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PHISHING SCAM - 'Click to Read Vital Newsletter'


Email claims that the sender has uploaded a vital newsletter using Google Docs and requests that recipients click a link to gain immediate access by signing in with their email address details.

Facebook phising

Brief Analysis

The email is a phishing scam designed to trick users into giving criminals access to their email accounts and, possibly, other online services. There is no newsletter, vital or otherwise.


I uploaded this vital newsletter using my google doc. For immediate access CLICK HERE

Sign in with your email.

Detailed Analysis

According to this email, the unidentified sender has uploaded a 'vital newsletter' to Google Docs. Recipients are instructed to click a link in the message to get immediate access to the supposed newsletter.

However, the link does not lead to a newsletter in Google Docs as claimed. In fact, the message is a phishing scam designed to fool recipients into giving their email account login details to online criminals.

Those taken in by the trick will find that clicking the link takes them to a website where they are supposedly required to login with their email details to view the document. Users must choose their email account provider by clicking the appropriate graphic on the bogus website. When they click on the graphic, a new window will pop up that asks for their email address and password:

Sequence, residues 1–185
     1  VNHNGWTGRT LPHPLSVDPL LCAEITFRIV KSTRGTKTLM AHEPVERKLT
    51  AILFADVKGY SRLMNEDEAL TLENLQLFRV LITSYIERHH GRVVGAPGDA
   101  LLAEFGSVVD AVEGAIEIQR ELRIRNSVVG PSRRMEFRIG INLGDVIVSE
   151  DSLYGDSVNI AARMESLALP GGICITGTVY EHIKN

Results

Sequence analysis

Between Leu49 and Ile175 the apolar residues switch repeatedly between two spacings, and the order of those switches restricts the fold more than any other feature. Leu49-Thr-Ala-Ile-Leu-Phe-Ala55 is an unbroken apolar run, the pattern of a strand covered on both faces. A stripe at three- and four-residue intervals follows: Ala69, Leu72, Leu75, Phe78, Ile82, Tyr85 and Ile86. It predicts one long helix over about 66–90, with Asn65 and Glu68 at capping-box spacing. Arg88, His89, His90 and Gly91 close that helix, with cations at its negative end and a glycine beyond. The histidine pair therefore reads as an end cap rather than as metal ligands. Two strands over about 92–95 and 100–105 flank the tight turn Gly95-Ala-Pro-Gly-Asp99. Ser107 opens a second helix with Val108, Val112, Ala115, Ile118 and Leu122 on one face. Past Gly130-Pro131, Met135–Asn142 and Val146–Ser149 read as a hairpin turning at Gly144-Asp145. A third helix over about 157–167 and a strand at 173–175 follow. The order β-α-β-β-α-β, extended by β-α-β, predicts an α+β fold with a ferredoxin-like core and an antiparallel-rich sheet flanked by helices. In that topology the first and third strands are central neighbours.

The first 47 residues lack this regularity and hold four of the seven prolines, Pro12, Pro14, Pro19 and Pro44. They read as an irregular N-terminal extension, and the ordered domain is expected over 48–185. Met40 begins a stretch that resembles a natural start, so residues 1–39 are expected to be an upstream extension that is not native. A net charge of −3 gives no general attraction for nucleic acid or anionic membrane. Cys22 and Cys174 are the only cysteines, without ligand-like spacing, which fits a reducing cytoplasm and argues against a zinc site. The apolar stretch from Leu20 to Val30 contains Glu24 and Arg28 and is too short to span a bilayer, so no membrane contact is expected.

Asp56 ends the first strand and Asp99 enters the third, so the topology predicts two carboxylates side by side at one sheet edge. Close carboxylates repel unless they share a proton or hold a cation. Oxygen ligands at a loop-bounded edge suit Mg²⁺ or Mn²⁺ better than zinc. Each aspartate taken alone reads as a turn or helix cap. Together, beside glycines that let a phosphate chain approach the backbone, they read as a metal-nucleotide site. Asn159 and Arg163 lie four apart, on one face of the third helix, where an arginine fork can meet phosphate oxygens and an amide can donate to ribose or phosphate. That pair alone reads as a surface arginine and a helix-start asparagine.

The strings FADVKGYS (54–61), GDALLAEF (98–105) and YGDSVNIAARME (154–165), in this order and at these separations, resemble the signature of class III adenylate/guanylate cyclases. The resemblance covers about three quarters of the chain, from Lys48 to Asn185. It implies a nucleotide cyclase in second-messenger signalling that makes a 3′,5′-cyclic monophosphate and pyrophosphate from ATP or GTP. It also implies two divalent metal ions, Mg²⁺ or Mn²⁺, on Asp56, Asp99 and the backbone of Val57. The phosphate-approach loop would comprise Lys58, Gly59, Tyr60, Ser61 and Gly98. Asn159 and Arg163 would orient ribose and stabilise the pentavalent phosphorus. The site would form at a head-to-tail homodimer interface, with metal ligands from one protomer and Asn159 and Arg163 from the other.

Vital Newsletter Phishing Scam

After they click the 'Sign In' button, users will then be presented with a spinning 'please wait' notification until being informed that the server is too busy and they should try again later. They will then be automatically redirected to the Google Docs homepage.

The 'server too busy' ruse is apparently designed to provide a reason why users have not been taken to the 'vital newsletter' as promised. Thus, at this point, users may still not realize that they have just been phished.

Meanwhile, the criminals can use the stolen login details to hijack the compromised email accounts and use them to perpetrate further scam attacks, all in the names of the victims. And, since Google and other service providers may use the same login details for multiple services, the criminals may be able to access a lot more than just email.

This type of email phishing is very common and has many incarnations. Be very wary of any unsolicited message that claims that you need to click a link and provide your email account and password to view an 'important' message.

Last updated: April 9, 2014
First published: April 9, 2014
Written by Brett M. Christensen
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